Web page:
• Limited and poor quality information
  • Gaps in Quality Assurance Framework
  • Inconsistent competitive environment
  • Limited market oversight capacity

Seven Criteria 

“A more modern vocational training system is now required.”  Just what does this look like?  Well the report identifies, “Seven criteria have informed the design of a better vocational training market”:

  • Competitive market structure
  • Flexible prices
  • Quality products
  • Informed decisions
  • Industry relevance
  • Efficient investment
  • Access to opportunity

 “Refocusing Vocational Training in Victoria is a package of changes to prices, information and quality, supported by a new market oversight function through the establishment of a market monitoring unit that collectively address the criteria for a strong vocational training market.”

Table 4 in the report outlines how Refocusing Vocational Training reforms respond to identified design weaknesses and satisfy the criteria for a strong market and in summary this includes:

  • Subsidies and loadings
  • Specific programs – The fund will support industry endorsed proposals for initiatives that address training market issues and barriers, and support eligibility exemptions for retrenched workers.
  • Income contingent loans
  • Uncapped fees
  • Transparency and disclosure – Employers have the ability to rate the performance of training providers in a particular study area against selected criteria by using the industry rating tool.
  • Industry engagement
  • Contract standards for Registered Training Organisations – Standards address capabilities and performance measures that are not effectively captured within existing regulatory requirements.
  • Industry Validated Assessment
  • Market monitoring – The quality of VET outputs will be monitored while mechanisms exist for quality failures to be addressed.

Opportunities and Challenges

What are the opportunities and challenges for Victorian TAFE Network and private Registered Training Organisations?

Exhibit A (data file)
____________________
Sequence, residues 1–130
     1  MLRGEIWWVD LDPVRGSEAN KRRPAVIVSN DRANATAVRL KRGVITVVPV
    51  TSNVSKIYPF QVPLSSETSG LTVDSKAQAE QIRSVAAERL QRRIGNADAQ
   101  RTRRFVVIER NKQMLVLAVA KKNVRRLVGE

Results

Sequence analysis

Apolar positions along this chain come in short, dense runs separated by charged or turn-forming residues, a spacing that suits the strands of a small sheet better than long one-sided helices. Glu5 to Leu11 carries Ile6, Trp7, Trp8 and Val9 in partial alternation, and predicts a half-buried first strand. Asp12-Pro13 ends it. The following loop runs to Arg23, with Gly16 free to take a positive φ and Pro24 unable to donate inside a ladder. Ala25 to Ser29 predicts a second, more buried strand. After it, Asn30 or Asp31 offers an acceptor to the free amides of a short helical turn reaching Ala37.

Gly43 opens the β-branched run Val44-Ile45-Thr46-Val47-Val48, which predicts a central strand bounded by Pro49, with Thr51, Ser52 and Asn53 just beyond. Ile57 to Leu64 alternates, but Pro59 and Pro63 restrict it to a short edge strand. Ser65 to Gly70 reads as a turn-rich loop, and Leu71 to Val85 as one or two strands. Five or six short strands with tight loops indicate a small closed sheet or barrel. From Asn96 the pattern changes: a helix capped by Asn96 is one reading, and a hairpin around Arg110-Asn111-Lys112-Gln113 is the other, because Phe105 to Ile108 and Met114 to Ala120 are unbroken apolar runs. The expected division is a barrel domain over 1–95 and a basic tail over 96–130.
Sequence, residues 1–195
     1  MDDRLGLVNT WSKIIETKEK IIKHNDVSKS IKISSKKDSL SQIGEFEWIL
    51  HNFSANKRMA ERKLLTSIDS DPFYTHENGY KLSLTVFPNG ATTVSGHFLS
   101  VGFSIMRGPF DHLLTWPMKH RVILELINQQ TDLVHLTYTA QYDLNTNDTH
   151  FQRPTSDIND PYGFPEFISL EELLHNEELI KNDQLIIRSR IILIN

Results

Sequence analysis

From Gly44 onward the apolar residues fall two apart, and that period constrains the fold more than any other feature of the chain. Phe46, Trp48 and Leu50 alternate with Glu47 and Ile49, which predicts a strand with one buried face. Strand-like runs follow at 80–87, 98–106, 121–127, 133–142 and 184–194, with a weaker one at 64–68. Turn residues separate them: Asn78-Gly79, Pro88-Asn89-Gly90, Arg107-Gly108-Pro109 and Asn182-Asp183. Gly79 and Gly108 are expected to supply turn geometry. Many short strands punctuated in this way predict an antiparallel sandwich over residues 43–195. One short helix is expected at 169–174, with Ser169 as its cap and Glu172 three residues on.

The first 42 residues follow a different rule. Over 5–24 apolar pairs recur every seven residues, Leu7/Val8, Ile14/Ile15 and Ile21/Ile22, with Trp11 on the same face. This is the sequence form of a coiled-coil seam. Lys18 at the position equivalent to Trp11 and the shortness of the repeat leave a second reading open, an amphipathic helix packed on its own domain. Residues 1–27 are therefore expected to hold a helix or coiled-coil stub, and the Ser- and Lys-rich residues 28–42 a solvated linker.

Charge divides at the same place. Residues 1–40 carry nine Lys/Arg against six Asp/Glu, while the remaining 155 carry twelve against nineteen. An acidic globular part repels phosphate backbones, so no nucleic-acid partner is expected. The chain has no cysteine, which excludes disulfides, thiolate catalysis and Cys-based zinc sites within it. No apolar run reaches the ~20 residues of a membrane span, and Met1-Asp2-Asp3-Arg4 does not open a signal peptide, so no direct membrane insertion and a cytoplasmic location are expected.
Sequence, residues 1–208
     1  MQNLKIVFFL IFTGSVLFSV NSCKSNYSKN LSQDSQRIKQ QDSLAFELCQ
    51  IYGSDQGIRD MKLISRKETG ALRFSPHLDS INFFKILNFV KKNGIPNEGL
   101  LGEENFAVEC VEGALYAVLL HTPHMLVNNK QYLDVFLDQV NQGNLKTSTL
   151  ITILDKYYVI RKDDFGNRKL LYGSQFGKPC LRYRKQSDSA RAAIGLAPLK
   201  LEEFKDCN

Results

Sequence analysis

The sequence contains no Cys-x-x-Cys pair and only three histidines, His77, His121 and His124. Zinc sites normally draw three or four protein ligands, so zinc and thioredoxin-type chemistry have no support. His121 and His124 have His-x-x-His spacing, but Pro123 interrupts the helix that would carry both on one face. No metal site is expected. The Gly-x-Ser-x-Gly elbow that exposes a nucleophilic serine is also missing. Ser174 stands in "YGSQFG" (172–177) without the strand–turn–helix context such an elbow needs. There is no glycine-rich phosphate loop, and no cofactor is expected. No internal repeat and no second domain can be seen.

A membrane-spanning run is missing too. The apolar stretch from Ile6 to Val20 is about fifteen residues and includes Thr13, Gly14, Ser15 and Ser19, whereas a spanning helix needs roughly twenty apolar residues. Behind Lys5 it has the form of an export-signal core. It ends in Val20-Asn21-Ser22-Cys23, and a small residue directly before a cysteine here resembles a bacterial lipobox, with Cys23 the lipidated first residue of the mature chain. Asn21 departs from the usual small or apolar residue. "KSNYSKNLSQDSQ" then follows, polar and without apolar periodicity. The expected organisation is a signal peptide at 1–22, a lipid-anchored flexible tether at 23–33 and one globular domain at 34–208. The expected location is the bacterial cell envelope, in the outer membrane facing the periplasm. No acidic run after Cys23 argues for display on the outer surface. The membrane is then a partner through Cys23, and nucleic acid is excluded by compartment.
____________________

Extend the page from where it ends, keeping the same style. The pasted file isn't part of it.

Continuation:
• Time-limited and contestable structural adjustment funding will be provided to TAFE institutes of $200 million ($100 million for infrastructure  over the next four years to support innovation, collaboration, structural reform and business transformation to ensure their ongoing financial sustainability.  NB. It doesn’t seem like a large amount when divided over 4 years and 14 Institutes.
  • TAFE Institute’s will be have greater flexibility in negotiating enterprise bargaining agreements, and the ability to register as group training organisations.
  • TAFE institutes will stand independently in the market place, operate in a commercially sound way and be accountable to the Government as public sector enterprises.
  • The Victorian Government will seek to work with other jurisdictions to develop a performance framework for providers at the national level with agreement on clear and valid quality metrics that can be objectively measured and tracked by regulators and funders.
  • Government is developing a Learn Local strategy which will set out these objectives for the Learn Local sector in more detail, and outline how Government and the ACFE Board will work with stakeholders to achieve the desired outcomes.
  • Government has established a Market Monitoring Unit (MMU) in DEECD that will lead the task of monitoring and reviewing market settings.

Appendix 1 Victorian Government response to the TAFE Reform Panel’s recommendations is a useful summary of what to expect next.

Spotting

For all players in Victoria it’s going to be important to manage the ‘squeeze and spin’.  ‘Spotting’ , like dancers do, enables the execution of flawless spins and turns, without losing focus or sacrificing the outcome of a strong vocational training market.  TAFE Institutes and all training providers will need to fix their gaze on a single location, control their balance and create an innovative strategic plan to counter dizziness.  Like this Spinning Girl Illusion, make sure you can move either way to adapt to changes in the market and policy, and know which way you are spinning at all times.

Written by Wendy Perry, Managing Director, Wendy Perry and Associates Pty Ltd, March 2013.